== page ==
"Mm." The low murmur rumbled softly. "We did."
They rested in each other's arms for a bit, listening to the loud sounds of the city penetrate their dark prison. "So." Gabrielle went on, in a more normal tone of voice. "Mistress." Definitely a note of very wry humor now. "How are you and I gonna get through THIS little problem?"
Xena released a relieved, though weary chuckle. "I dunno. I'll figure it out when we get there." She said. "So what'd you find out at the Academy?"
"What didn't I find out? " The bard sighed. "Let's see… the bardic council is a bunch of schemers with more political motivation than a Hestian virgin during the feast of Bacchus, it looks like Homer was involved in something really convoluted, and I agreed to enter the Great Bard of Athens competition."
Xena felt a distinct shock go through her at the words. "I thought… " She began, then halted, not sure what to say next. "I didn't think you were interested in that." She finally went on, in a low mutter.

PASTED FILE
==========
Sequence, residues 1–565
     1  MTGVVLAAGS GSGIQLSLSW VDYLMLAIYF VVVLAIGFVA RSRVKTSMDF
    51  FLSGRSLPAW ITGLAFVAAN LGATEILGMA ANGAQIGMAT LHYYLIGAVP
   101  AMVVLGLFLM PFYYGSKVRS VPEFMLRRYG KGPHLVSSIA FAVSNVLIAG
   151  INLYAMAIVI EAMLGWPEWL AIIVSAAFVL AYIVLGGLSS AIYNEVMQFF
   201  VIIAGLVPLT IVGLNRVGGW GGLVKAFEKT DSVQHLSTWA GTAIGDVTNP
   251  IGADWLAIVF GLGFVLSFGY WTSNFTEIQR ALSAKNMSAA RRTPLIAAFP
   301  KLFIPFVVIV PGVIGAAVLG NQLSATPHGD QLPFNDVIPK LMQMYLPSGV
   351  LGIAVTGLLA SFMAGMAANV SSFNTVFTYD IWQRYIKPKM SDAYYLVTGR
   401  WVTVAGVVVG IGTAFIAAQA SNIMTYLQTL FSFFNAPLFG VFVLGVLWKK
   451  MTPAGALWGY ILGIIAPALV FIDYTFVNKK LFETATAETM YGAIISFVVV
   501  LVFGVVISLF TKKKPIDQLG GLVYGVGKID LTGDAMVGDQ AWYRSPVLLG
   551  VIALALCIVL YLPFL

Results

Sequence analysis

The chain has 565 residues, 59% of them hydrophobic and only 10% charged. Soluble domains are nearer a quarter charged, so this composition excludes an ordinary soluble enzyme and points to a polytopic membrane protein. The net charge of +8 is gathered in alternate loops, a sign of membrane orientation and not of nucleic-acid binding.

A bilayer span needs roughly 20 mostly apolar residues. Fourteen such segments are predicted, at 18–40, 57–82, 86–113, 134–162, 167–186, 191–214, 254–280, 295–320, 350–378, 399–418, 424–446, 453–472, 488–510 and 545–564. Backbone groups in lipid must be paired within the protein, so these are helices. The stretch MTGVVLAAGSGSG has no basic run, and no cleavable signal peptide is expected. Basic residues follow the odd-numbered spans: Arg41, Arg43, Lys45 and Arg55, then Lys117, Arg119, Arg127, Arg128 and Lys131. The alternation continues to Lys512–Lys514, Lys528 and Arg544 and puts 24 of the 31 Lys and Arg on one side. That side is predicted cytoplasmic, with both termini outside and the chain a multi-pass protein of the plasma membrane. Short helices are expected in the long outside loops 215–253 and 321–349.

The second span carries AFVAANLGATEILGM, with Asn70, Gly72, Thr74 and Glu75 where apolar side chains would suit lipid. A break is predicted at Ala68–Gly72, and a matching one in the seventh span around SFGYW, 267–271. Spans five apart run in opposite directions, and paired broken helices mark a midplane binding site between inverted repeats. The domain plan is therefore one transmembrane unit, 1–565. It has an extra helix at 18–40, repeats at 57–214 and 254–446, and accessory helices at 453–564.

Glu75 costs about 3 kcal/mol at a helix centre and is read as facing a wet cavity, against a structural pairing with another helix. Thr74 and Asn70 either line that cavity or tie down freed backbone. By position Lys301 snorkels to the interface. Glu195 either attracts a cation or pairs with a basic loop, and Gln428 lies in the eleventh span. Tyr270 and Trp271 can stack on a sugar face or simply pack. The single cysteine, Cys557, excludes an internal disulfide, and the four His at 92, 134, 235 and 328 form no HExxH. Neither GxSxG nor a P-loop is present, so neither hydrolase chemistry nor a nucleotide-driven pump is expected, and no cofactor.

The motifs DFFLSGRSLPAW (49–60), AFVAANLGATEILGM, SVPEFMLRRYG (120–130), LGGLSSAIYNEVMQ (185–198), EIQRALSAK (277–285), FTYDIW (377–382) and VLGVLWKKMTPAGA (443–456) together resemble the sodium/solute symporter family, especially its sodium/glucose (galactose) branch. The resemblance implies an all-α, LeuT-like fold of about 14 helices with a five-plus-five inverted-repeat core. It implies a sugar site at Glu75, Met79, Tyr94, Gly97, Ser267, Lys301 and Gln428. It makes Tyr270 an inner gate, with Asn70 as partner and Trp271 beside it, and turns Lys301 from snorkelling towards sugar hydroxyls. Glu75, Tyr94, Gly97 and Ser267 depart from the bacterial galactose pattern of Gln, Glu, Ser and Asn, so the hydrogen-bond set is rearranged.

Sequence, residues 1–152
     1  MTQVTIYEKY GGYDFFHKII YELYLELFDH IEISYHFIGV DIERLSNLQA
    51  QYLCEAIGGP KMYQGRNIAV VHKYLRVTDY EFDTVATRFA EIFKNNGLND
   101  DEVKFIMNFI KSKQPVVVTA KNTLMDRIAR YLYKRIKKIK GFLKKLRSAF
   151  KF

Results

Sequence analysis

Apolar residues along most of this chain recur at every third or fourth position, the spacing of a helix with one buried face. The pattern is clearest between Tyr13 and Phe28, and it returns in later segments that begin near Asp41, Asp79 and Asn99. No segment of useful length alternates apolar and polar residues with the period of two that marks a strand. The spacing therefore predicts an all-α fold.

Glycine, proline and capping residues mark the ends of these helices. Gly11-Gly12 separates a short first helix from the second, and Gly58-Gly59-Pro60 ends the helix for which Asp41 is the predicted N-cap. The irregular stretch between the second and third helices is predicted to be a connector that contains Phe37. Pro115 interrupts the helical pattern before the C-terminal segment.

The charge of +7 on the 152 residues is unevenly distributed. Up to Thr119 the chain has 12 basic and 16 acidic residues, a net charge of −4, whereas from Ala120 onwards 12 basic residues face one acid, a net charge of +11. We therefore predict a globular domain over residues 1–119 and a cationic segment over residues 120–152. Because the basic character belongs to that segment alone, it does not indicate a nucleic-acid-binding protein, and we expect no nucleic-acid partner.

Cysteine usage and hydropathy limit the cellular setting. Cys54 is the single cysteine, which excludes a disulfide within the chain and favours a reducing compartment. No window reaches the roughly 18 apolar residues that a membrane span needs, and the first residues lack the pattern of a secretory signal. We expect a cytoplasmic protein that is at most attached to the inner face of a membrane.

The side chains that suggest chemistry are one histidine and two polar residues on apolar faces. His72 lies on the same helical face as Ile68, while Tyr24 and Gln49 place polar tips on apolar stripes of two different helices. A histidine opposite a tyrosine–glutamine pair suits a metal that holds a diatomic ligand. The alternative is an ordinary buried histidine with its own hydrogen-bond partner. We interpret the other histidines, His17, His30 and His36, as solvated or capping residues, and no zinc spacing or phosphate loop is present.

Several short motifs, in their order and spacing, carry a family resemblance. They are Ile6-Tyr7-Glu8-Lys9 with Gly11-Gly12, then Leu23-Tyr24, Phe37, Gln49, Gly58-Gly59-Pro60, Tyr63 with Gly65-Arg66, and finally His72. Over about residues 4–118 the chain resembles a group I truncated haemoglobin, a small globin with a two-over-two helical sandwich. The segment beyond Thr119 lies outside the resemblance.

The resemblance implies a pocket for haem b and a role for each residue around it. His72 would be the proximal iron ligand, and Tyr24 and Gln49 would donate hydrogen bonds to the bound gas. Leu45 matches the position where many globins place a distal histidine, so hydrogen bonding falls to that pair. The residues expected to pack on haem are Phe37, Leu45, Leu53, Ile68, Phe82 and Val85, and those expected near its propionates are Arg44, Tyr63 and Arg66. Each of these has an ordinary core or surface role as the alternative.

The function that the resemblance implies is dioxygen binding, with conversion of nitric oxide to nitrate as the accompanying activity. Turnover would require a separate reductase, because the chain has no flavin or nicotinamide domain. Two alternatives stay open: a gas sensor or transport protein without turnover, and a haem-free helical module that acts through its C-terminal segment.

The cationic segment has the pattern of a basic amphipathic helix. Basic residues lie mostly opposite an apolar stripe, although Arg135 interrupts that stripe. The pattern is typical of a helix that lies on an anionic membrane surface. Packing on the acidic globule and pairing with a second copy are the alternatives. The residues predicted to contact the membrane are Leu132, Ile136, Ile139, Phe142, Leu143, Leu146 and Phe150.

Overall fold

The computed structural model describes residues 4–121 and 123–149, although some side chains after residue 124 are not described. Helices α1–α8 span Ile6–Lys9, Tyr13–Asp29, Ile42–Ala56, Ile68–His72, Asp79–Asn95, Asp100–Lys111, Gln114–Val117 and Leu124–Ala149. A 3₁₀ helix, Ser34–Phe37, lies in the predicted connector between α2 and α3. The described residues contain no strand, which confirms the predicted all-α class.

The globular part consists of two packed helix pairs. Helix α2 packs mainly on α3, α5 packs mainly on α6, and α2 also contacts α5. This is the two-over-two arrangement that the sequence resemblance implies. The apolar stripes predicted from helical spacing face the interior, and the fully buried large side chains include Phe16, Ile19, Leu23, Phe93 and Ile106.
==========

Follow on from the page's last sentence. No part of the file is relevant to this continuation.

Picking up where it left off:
"Well, I mean.. I’m not." Gabrielle frowned, sensing the change in mood. "They asked me to do it."
"The bardic council." The bard explained. "They think I've got a chance at beating out Celesta, so they asked me to enter so she won't win and take them over."
The dark head cocked to one side, visible even in the darkness. "So.. they want you to take them over?"
"No." Gabrielle felt the cart lurch, and she grabbed Xena in reflex. "They don't want anyone to take them over, and they figure I"ll just take off after that." She said.
"Oh." Xena grimaced, as the cart bounced again, jarring her leg unpleasantly. "Why don't they just call off the competition?" Another bounce and this time, a hot jolt of pain, the first all day, lanced up her spine. "Erf."
Gabrielle quickly squirmed closer, and slid one of her thighs under her partner's injured leg, cushioning it against the hard bottom of the wagon. She stroked the tense skin of Xena's calf, unable in the darkness to see the bandage, or the wound under it. "Easy, tiger." She murmured. "Let's get this over with, and get you somewhere you can rest."
Xena half sighed, half growled. "I’m fine."
The cart jerked to a halt, almost throwing both of them hard against the side. Then they heard boots approaching, and the back of the wagon opened, letting in a brilliant bolt of light, and a welcome draft of fresh air. "Out." The guard captain ordered. "Quickly."